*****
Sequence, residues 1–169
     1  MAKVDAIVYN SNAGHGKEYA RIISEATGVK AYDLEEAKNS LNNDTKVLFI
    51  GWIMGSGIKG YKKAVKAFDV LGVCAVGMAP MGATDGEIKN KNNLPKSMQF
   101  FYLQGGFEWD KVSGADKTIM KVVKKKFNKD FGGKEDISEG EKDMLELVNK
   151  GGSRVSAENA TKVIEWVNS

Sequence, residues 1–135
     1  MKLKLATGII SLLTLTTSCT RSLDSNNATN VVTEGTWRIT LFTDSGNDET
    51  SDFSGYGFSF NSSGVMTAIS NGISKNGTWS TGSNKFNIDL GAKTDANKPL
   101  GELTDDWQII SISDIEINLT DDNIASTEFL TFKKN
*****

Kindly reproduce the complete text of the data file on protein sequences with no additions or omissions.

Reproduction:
Sequence, residues 1–169
     1  MAKVDAIVYN SNAGHGKEYA RIISEATGVK AYDLEEAKNS LNNDTKVLFI
    51  GWIMGSGIKG YKKAVKAFDV LGVCAVGMAP MGATDGEIKN KNNLPKSMQF
   101  FYLQGGFEWD KVSGADKTIM KVVKKKFNKD FGGKEDISEG EKDMLELVNK
   151  GGSRVSAENA TKVIEWVNS

Sequence, residues 1–135
     1  MKLKLATGII SLLTLTTSCT RSLDSNNATN VVTEGTWRIT LFTDSGNDET
    51  SDFSGYGFSF NSSGVMTAIS NGISKNGTWS TGSNKFNIDL GAKTDANKPL
   101  GELTDDWQII SISDIEINLT DDNIASTEFL TFKKN